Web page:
The View from Abroad: Foreign Perceptions of the U.S. Craft Brewing Scene

By Jill Redding

It’s no secret that the American craft brewing movement is on fire here in the U.S., but what is the perception overseas?

As American brewers expand their markets abroad, more people are able to experience the flavor and diversity of American craft beer. But are all the reviews positive, especially from the hallowed brewing grounds of Belgium, England and Germany?

The New Brewer contacted individuals in various foreign countries (brewers, U.S. craft beer importers, beer aficionados and event organizers) and asked them to write a mini-essay on their perception of the U.S. craft brewing scene, including what brewers in their country can learn from American craft brewers, and vice versa. Here are their perceptions, in their own words.

Kjetil Jikiun, head brewer, Nøgne Ø, Norway

The American craft brewing scene has been a major source of inspiration. Not only is there a small gap between homebrewers and craft brewers, there is also a close relationship between brewers/breweries and the public. Breweries communicate well and the public cares and pays attention.

I find the playfulness with regards to making hybrid and crossover beers, and experimenting with new ingredients, absolutely liberating. I once read about an Australian winemaker explaining the key to success for Australian wines: “It is because we have no traditions.” The same can explain the success of American craft beer.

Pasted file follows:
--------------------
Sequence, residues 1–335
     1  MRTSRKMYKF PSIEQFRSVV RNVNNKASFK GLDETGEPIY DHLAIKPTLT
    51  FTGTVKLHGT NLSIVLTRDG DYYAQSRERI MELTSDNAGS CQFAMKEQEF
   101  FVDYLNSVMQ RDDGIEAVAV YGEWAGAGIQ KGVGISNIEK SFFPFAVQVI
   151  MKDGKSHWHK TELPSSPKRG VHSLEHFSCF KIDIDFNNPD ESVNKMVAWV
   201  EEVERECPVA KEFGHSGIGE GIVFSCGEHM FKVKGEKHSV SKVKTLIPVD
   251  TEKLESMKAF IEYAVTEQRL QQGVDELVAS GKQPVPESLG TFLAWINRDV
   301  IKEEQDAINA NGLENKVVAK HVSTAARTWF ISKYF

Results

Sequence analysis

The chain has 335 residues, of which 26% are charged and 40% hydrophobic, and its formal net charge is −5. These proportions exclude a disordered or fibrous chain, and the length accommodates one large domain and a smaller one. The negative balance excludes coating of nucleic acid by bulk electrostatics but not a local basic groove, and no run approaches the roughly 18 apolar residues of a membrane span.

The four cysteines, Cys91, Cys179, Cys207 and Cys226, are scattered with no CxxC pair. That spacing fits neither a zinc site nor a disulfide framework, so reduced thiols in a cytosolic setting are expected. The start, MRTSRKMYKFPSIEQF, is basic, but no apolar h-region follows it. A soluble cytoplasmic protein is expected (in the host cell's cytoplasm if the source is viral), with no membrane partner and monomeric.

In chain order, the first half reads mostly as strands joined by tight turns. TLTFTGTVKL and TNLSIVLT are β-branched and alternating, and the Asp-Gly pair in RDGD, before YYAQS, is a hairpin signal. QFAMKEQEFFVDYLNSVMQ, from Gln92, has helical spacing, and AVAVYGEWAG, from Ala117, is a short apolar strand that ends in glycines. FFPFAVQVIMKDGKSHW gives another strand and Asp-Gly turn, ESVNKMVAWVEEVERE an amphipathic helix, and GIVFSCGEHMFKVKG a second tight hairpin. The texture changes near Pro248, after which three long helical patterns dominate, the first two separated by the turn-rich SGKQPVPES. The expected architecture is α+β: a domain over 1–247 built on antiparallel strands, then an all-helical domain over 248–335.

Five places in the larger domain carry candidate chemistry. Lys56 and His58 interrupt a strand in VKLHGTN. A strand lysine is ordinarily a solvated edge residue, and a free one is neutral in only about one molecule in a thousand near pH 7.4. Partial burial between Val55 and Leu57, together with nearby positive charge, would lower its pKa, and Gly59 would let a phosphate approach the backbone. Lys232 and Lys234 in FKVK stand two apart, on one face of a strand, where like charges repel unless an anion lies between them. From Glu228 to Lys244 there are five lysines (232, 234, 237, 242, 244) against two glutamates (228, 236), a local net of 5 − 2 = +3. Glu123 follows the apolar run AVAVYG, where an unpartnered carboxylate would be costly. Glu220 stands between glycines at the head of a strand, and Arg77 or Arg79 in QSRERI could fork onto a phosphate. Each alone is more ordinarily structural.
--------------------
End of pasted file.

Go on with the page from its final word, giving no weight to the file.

Even though we try to establish our own beer culture and traditions in Norway, we at Nøgne Ø emphasize that we want to mirror some elements from the American craft brewing culture. Life is too good to waste on boring beer!

Anders Kissmeyer, former brewery director, Nørrebro Bryghus, Denmark

My relationships to my American colleagues have been instrumental in forming my philosophy on beer and brewing. U.S. craft brewers are highly innovative and have a very un-dogmatic approach to the art of brewing: On one hand embracing and respecting the old, European traditions—that I actually feel many of the native brewers of the great, old beer cultures are wearing as straightjackets—and on the other hand mixing them, tuning elements up and down, straying from them. I have always been awed by the passion and dedication of my American colleagues.

If I were to find one issue where I believe that we as Danish brewers are a bit more advanced, it is in the area of “terroir.” Here, we are beginning to actively seek out forgotten cultivars, malting barleys as the most important, that are unique to our region, thus trying to create unique Danish and Scandinavian beer styles. I know and admire the unique American hops and the way they are used in the U.S. to create beers that owe their character to a local cultivar, but why this does not happen with the other essential ingredients, I don’t know.